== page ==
8 – “Sometimes You Gotta Let the Rough End Drag”
Granny Martin was a smart woman and I miss her every day. In May, I write this on a note card on my fridge to remind myself I don't have to be perfect. During the last month of school it is best that a teacher lay aside hopes of being polished, poised and perfect and know that it will be a bit crazy and chaotic. The things that should never drag are the safe, respectful environment built for students. To keep it respectful at school, you might have to let the laundry go at home or bring home pizza once a week. It is OK not to be perfect, especially if you have a hungry brood of your own at home waiting to be fed every night.
9 – Laugh and Learn.
He who laughs, lasts! If you can't laugh and enjoy the kids sometimes, why teach? For most of you, standardized testing is almost over. Do something fun. Plan a lesson packed in learning AND enjoyment.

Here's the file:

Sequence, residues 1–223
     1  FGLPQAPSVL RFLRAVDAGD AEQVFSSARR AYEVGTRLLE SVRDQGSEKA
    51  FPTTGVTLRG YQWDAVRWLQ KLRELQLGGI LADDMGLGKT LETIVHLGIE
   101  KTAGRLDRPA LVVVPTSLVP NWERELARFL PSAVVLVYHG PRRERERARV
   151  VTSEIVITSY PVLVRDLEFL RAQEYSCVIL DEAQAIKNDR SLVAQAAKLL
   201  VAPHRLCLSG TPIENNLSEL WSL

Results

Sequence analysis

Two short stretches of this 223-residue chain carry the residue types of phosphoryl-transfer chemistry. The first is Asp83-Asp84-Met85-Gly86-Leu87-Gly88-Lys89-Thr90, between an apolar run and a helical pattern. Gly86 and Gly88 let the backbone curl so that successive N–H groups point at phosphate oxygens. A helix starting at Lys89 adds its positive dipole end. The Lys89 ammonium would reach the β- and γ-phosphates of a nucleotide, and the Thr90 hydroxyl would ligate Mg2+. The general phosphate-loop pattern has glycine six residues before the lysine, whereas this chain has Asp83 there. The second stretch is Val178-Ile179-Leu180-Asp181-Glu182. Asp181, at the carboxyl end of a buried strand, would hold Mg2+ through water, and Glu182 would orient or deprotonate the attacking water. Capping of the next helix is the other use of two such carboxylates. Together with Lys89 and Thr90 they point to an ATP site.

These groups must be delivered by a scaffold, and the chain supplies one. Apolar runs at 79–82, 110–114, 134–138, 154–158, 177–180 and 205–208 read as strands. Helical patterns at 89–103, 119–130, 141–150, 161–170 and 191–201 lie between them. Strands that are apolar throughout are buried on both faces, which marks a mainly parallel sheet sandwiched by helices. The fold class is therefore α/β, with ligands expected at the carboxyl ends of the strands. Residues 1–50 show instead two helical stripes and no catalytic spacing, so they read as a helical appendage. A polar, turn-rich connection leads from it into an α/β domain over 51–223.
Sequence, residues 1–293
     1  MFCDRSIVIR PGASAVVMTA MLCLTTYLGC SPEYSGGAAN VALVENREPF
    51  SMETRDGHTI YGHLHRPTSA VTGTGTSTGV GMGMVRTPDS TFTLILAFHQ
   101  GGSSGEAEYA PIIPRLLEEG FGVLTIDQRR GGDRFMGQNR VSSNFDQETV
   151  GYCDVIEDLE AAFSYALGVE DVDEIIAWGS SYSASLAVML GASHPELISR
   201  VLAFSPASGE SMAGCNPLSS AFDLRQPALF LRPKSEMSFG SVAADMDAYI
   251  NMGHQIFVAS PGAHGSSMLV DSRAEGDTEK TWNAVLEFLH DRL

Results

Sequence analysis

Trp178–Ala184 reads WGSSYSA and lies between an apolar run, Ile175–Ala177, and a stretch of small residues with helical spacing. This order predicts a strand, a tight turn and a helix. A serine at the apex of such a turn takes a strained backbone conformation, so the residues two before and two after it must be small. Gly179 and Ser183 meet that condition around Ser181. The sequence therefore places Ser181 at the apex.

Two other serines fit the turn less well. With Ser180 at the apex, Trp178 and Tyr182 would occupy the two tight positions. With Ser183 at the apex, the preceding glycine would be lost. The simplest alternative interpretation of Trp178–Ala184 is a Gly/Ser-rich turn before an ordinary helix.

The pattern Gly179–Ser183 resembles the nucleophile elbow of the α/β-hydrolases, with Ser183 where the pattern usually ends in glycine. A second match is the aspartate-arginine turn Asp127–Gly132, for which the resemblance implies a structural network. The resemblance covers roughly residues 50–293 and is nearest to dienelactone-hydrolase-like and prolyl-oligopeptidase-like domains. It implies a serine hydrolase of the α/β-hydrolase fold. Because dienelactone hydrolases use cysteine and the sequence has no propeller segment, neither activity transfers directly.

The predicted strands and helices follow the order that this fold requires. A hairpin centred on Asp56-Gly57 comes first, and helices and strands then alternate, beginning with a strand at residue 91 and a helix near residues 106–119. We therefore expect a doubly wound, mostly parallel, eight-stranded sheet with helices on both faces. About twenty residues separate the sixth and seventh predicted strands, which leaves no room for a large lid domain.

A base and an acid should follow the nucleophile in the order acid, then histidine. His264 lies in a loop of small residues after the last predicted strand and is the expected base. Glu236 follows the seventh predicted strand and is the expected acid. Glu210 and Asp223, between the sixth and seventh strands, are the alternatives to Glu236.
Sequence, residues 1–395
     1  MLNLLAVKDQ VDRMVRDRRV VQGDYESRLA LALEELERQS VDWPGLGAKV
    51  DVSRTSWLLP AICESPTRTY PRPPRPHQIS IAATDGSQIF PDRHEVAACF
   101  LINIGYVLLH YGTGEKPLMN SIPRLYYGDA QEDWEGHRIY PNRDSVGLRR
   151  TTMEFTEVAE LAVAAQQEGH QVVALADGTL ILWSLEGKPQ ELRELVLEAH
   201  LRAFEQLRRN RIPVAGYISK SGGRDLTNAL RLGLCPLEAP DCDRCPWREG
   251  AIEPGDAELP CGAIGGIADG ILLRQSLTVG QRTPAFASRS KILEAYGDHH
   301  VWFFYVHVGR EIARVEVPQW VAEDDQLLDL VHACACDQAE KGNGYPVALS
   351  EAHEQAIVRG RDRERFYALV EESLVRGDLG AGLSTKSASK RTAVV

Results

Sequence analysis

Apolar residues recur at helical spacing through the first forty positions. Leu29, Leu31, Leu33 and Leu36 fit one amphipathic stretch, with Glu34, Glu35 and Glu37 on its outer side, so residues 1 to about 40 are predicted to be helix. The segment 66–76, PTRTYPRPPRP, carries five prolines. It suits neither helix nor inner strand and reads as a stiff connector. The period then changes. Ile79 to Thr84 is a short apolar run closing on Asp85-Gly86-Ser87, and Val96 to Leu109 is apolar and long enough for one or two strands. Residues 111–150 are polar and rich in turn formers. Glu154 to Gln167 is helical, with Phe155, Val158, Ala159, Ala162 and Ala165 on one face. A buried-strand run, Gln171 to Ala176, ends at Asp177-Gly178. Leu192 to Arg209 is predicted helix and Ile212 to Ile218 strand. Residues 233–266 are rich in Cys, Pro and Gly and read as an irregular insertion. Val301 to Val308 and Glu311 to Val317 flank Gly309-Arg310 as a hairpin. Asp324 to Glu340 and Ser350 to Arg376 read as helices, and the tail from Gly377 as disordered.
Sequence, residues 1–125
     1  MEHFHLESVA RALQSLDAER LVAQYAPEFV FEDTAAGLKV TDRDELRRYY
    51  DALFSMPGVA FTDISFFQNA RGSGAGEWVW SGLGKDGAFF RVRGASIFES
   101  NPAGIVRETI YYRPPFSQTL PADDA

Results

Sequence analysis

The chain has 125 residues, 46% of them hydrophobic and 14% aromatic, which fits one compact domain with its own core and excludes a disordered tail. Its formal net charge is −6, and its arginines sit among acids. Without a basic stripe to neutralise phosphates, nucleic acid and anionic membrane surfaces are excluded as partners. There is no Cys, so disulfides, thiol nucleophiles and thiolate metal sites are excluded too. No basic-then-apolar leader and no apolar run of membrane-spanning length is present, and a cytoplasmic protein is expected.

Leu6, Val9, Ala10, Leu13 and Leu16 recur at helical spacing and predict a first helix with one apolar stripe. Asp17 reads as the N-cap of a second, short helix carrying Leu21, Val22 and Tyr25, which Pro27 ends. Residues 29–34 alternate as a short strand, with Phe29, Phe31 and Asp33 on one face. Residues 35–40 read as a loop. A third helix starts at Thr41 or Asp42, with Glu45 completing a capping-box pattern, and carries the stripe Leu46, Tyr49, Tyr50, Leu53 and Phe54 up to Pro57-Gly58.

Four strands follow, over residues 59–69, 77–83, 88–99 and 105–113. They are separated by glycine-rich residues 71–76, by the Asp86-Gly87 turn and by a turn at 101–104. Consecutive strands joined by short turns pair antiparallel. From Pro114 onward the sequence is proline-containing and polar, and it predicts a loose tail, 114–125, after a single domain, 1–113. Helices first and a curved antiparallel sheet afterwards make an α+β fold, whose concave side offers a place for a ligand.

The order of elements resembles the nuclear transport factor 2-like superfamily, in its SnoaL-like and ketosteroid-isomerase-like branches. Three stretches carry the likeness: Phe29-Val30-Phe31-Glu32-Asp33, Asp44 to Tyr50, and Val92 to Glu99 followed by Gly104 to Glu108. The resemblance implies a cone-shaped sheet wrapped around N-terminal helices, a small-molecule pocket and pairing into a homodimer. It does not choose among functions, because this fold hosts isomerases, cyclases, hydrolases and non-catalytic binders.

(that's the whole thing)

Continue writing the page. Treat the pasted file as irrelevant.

I have three boys in my noon study hall: Camel, Knee Knocker, and Squirrel. (yes, those are my nicknames for them) They work, I work, but we laugh. I'm not their BFF and am tough on them in class but I enjoy seeing them come in my room b/c I know they will keep me young. When you are old you will remember the laughter and learning.
10- Finish Well.
When you think back on the school year, you'll always remember how it finished. Finish well and with the honor, nobility, and sense of humor deserving of your profession.
Your Pep Talk
To all you amazing teachers out there – you are the heroes to a generation that sees you as their present enemy.
Do right by their future selves and know that their present selves may have to disagree with your intent.
Our job is not to be liked or loved, although that usually comes with the territory of being good at what we do – it is to teach.
Remember your noble calling, teacher. No one can take away the nobility of a teacher except the teacher herself.